April 17, 2023

From Informational to Transactional: Navigating the Different Types of Search Intent

Date published (April 17, 2023)
Category (Marketing)
Read time (7 Minutes)
The author
(Zan Zaidi)

Are you tired of feeling like you're the only one who doesn't understand the latest buzzwords and trends? Fear not, because informational intent is here to save the day!


In the world of digital marketing and SEO, understanding search intent is crucial for optimising your content to rank higher in search engine results pages (SERPs) and ultimately drive traffic to your website. Search intent refers to the reason behind a user’s search query – what they are looking for and why they are searching for it. In this blog post, we’ll discuss the different types of search intent and how you can optimise your content to meet those needs.

Let’s start with informational intent, which is like that friend who always asks you questions about everything. They want to know everything about a topic and expect you to be an expert in every field. Content that addresses informational intent should be like a friendly expert, answering the user’s question in a clear and concise manner. To optimise for informational intent, use straightforward language, avoid jargon, and organise your content in a logical and easy-to-read format.

Navigational Intent

Next, navigational intent is like the GPS in your car. Users with this intent know exactly where they want to go, they just need directions on how to get there. To optimise for navigational intent, make sure your website is easy to navigate and has clear calls to action.

Here are some examples of keywords with navigational intent:

  • Essendon Football Club
  • Gmail Login
  • Concrete area calculator
  • Bunnings refund policy


Include your brand name and relevant keywords in your content and meta tags. And like a good GPS system, make sure your website provides clear directions on how to get to your desired destination.

Commercial Intent

Now let’s talk about commercial intent, which is like that one friend who always has to show you their latest purchase. They’re in the market for a product or service and want to find the best deal. Content that addresses commercial intent should be persuasive and informative, highlighting the benefits of your product or service and providing a clear call to action.

Here are some examples of keywords with commercial intent:

  • Binge vs Netflix
  • Best vegetables to grow in winter
  • MacBook pro review
  • Xero alternatives


To optimise for commercial intent, use language that resonates with the user, address their pain points, and provide clear solutions to their problems. And just like that friend who loves a good deal, make sure your website showcases your promotions and discounts prominently.

Transactional Intent

Transactional intent is like that friend who is always ready to make a move. They know what they want and they’re not afraid to go for it. Users with transactional intent are ready to make a purchase or take a specific action. Content that addresses transactional intent should be focused on the user’s end goal and provide clear steps to complete the desired action.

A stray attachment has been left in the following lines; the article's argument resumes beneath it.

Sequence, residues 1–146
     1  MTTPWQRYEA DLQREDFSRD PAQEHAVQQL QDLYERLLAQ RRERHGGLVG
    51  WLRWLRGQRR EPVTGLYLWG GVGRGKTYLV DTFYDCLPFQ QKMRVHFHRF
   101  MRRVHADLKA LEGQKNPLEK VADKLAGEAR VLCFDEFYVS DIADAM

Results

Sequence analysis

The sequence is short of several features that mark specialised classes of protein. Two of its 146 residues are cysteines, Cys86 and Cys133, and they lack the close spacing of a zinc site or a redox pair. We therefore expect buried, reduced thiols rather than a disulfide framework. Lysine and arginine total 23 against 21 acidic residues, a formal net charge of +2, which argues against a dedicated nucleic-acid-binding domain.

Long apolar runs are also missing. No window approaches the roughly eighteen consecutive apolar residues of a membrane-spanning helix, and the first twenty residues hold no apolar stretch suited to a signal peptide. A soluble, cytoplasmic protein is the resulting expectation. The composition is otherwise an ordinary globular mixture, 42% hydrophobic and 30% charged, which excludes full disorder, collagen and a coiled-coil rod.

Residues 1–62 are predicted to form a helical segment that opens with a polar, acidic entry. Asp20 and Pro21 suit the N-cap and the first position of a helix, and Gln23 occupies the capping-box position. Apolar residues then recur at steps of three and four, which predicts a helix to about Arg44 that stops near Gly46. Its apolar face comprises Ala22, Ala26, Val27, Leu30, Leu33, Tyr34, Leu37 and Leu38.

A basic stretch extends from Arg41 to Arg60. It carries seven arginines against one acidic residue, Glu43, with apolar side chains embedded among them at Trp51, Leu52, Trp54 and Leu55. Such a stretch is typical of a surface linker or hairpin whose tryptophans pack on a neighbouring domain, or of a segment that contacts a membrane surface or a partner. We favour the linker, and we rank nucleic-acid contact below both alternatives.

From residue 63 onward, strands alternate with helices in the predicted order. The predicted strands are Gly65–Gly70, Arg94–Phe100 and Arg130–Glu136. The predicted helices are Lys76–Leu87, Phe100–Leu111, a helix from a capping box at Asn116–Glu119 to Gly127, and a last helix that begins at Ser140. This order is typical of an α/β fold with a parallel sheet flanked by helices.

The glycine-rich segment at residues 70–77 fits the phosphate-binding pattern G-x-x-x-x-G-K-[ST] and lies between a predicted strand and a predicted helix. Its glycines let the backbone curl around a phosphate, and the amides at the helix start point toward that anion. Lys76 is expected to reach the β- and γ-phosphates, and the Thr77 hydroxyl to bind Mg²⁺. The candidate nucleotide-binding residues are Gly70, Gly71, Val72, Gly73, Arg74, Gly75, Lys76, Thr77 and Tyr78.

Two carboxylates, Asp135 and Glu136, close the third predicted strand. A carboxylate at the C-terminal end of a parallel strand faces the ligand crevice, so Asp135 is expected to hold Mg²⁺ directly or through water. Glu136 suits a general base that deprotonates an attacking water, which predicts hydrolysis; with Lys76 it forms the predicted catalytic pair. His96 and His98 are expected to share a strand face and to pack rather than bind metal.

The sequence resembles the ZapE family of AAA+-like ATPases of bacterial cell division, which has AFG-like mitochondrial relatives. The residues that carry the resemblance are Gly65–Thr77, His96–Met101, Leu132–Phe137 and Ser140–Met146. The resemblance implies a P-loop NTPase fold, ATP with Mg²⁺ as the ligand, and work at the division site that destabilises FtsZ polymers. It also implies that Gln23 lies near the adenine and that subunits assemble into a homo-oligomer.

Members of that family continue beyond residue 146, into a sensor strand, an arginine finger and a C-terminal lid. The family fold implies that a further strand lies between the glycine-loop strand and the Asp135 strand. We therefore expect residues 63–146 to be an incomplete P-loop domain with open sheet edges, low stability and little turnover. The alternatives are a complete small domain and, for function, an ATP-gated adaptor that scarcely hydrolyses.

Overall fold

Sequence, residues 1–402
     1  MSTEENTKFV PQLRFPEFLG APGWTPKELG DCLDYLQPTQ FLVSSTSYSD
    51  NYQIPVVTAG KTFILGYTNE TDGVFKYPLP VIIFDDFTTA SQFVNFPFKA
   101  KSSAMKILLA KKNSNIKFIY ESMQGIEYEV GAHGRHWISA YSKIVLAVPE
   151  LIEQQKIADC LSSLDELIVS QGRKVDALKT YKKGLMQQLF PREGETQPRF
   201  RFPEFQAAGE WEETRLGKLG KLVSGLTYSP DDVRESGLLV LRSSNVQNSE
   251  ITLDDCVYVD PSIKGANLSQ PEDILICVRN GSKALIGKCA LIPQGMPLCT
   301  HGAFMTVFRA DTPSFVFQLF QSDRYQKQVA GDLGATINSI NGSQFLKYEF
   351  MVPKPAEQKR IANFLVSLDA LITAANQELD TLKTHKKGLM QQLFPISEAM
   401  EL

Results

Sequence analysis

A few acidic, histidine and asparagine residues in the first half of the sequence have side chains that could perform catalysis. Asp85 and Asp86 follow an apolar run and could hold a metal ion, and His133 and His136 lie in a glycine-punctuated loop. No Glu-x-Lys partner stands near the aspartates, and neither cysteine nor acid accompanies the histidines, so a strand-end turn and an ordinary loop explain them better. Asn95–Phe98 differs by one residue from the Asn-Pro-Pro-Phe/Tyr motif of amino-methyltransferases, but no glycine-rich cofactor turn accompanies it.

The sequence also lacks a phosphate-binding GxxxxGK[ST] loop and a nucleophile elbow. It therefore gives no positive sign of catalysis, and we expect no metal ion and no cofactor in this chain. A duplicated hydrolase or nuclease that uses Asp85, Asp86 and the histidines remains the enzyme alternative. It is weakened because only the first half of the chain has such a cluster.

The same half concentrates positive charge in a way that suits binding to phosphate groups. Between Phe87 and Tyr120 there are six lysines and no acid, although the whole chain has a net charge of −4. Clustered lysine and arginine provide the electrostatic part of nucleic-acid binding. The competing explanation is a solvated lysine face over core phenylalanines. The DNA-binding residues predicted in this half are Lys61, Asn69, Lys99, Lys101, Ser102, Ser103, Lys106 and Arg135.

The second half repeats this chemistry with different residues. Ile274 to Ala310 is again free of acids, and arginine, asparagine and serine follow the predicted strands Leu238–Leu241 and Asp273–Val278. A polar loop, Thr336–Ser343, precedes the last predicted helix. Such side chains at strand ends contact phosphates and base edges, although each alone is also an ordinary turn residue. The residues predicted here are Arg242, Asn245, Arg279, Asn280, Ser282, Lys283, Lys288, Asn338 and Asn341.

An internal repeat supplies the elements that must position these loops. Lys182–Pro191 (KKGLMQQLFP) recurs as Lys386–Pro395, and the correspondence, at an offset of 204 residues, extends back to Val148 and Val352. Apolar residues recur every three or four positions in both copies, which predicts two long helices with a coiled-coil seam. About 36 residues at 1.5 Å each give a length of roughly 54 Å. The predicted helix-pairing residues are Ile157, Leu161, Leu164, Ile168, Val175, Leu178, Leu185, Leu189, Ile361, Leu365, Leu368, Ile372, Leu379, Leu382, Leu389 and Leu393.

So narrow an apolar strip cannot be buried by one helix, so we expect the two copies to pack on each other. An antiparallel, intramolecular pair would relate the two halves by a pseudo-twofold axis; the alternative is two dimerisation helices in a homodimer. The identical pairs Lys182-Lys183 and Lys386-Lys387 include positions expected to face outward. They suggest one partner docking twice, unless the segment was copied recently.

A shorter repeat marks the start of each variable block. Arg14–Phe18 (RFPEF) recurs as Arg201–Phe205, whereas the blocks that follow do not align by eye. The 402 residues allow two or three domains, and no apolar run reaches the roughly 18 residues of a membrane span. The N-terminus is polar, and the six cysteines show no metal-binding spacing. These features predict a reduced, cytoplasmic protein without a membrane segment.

Here are some examples of keywords with transactional intent:

  • Watch The Simpsons
  • iPhone 14 pro max price
  • ADHD test online
  • HubSpot trial


To optimise for transactional intent, use clear and concise language, provide easy-to-follow instructions, and remove any barriers that may prevent the user from completing the desired action. And like that assertive friend, make sure your website provides a seamless user experience and allows the user to complete their desired action with ease.

Informational Intent

Absolutely! Let’s dive deeper into informational intent.

Informational intent is the most common type of search intent, and users with this intent are looking for answers to a question or information on a topic. They may be trying to learn something new, solve a problem, or research a product or service. Content that addresses informational intent should be educational, informative, and answer the user’s query in a concise and clear manner.

  • Nicki Webster age
  • Current time in Tokyo
  • How to clean your washing machine
  • What is search intent?


Local Intent

Finally, local intent is like that friend who always knows the best places to go in town. Users with local intent are looking for something in a specific location, whether it’s a physical store, a service provider, or a restaurant.

Here are some examples of keywords with local intent:

  • Best place to eat in Melbourne
  • Ballarat hotel pet friendly
  • Children’s Clothing Ballarat
  • Wineries near Avoca


To optimise for local intent, include your business’s name, address, and phone number (NAP) on your website and in local directories. Use local keywords and phrases in your content, and make sure your website is mobile-friendly. And like that knowledgeable friend, make sure your website provides useful information about your business’s location, hours of operation, and the products or services you offer.

In conclusion, understanding the different types of search intent and how to optimise your content for each can help you drive more targeted traffic to your website and improve your overall search engine rankings. And if you’re feeling stuck, just think of your website as that friend who always knows how to make you smile and provide you with what you need. With a little humour and wit, you can create high-quality content that meets the user’s needs and builds a loyal audience over time.